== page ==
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Kentucky Obesity Statistics
Kentucky obesity statistics
Kentucky was ranked as the 6th most obese state in America in 2011.
The obesity rate in Kentucky has almost doubled over the last 15 years to 31.5% for adults.
- When you combine the rates for overweight and obese adults, the rate jumps to 67.1% of their total population of 4,339,367 (U. S. Census 2010), or almost 3 million people with increased risks of life-threatening health conditions.
- In fact, diabetes rates have more than doubled since 1996 to 10.5%. Rates for high blood pressure now stand at 31.6%.
- Racial and ethnic categories show
43.2% obese rates among Blacks,
33.1% among Latinos,
and 31% among Whites.
Childhood obesity statistics for Kentucky
- According to the most recent data of 2007, 21% of children and teens, age 10 to 17, were considered obese.
- Approximately 23.5% of Kentucky’s population is under the age of 18, making up to 200,000 young people at risk of developing serious medical conditions.
These Kentucky obesity statistics are reported in F as in Fat from the Trust for America’s Health and Robert Wood Johnson Foundation, using state and national public health statistical data.
County rankings for Kentucky obesity
- According to the US Centers for Disease Control and Prevention (CDC), in 2008, most Kentucky counties have obese levels over 30%, with the following counties over 35%: Breathitt, Floyd, Letcher, Lincoln, Martin, Perry, and Pike County.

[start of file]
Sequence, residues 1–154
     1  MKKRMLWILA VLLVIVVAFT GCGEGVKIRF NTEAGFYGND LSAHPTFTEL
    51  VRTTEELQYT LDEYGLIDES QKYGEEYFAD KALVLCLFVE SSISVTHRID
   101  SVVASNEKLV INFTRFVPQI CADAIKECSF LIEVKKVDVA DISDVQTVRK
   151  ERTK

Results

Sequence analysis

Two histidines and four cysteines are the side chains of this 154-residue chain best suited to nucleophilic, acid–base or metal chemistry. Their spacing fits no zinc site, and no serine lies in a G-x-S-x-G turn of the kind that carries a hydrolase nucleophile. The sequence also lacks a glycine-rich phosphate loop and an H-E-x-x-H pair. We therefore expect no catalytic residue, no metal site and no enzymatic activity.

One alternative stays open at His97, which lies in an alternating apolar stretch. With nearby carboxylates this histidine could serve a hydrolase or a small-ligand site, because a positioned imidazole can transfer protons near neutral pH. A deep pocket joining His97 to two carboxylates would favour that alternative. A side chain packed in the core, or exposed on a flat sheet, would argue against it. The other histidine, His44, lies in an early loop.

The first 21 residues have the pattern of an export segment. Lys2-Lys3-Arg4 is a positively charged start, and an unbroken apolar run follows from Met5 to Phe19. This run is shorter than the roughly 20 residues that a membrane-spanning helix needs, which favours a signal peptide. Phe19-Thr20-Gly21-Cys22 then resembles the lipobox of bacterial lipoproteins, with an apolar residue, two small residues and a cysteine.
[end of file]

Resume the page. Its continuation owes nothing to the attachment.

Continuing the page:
- Counties with levels under 28% include Jessamine, Kenton, and Nelson County.
- Breathitt and Pike counties have the highest diabetes rates at over 14%, and Boone has the lowest rate at 8.9%. The vast majority of counties are over 10% diabetic.
- Physical activity levels are the lowest in Carter, Magoffin, and Pike County and the highest in Calloway and Fayette counties.
Improving the weight loss environment
- Kentucky is among 29 other states that restrict the sale of competitive foods more than federal standards. It also joins 26 other states with farm-to-school programs.
- Outdoor recreation areas for physical activity are available on the Mississippi, Ohio, and Big Sandy Rivers, on Lake Cumberland and Kentucky Lake, with walking trails in national parks like Mammoth Cave, Daniel Boone National Forest, and recreation areas, as well as state parks and private recreational facilities.
- With an excellent climate, Kentucky produces an abundance of local fresh fruits, vegetables, grains, milk, poultry, eggs, and meat (cattle, goat, wild turkey) for a healthy diet.
- Other sources of help to reduce Kentucky obesity levels include private physicians, hospital educational support, church support groups, non-profit organizations, community initiatives, public health state task force programs, and community grants from the federal government, in addition to self-education.
Kentucky also uses the CDC Behavioral Risk Factor Surveillance System to assist immunizations, nutrition (fruit and vegetable consumption), arthritis, diabetes, cardiovascular, cancer, HIV/AIDS, and tobacco programs, women's health, and public education programs.
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